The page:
We also set up some custom variables on document pages so that we could understand how different types of documents perform. These include things like category (eg. policy), type (eg. strategy), Country, data, language, translation and format.
Step 4: Recurrence:
What it is: how users will become regular users.
Users will become long-term recurring users if they find enough value in our product to come back and use it again. As we build up data on which users are coming back and how often, we will try to discover what happens early on in their use of our product to turn them into repeat users. Facebook famously found that users who connected with seven friends in their first ten data were more likely to become active retained users.
Success at this stage when: a user returns to the site.
How we track this in analytics: my favourite way of doing this is to look at cohort retention. This shows what percentage of new users from a given week are still active in future weeks. We also use the default returning users metric and keep track of how many users return to the site and perform specific actions on their original and repeat visits, such as performing a search or viewing document passage matches. This is being done via event tags that we have set up in Google Tag Manager.
Step 5: Conversation:
What it is: how we will get permission to communicate with users. I renamed this from ‘conversion’. In e-commerce, a conversion is a purchase. For us, the main aim of this stage of the funnel is to see how many users value our tools enough to start a conversation with us, and the knowledge we’ll get about our users by being able to do user research with them. This gives us rich qualitative insight into how users are using our tool, and what impact the tool is having. These conversations give us an evidence base for conversations with partners and donors about our impact and help us to plan future improvements.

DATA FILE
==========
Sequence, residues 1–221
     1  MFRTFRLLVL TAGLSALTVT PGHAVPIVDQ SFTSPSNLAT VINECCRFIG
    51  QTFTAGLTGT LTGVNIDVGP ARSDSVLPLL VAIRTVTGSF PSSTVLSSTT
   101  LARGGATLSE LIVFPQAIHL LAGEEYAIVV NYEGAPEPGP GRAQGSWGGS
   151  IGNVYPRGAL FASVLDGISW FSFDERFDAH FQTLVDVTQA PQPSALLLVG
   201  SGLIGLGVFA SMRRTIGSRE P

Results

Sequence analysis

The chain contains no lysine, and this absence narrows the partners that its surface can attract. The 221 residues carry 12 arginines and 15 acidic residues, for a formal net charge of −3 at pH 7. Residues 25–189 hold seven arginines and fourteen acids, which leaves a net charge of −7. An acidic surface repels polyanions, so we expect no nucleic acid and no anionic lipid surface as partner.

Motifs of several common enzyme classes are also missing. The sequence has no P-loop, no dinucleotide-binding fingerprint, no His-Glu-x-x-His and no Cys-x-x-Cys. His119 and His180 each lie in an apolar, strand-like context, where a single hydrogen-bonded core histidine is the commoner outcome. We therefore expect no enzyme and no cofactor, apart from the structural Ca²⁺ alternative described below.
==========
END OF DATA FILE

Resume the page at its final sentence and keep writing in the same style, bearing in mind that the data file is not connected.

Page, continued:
How we attract users to start a conversation: contacting support, filling in a feedback widget or micro survey on our site, requesting to download a CSV of our data, signing up for our newsletter, signing up for an alert for when new features become available and submitting missing data are all ways in which we get the conversation started with users. Longer term, my account functionality like search alerts of custom collections will help us start conversations with more users.
Success at this stage when: total number of users contacting us for any of the above reasons.
How we track this: this isn’t something we track in analytics tools. It has to be measured manually by collating the results from all our CRM and all our different Google Forms.
Tracking this data has helped me spot where in our product lifecycle users are dropping out. These are the areas where we need to focus our attention to so that we can maximise the number of users who get value from our tools. In a future blog post, I will explain a bit more about what we learnt, how we conducted further research to better understand the problem space, and some of the improvements that we prioritised in response.
Last but not least, I want to say a big thank to Anne Cremin. She has kindly been volunteering her time with Climate Policy Radar to help us out with our Google Analytics and Google Tag Manager set up. Thanks Anne!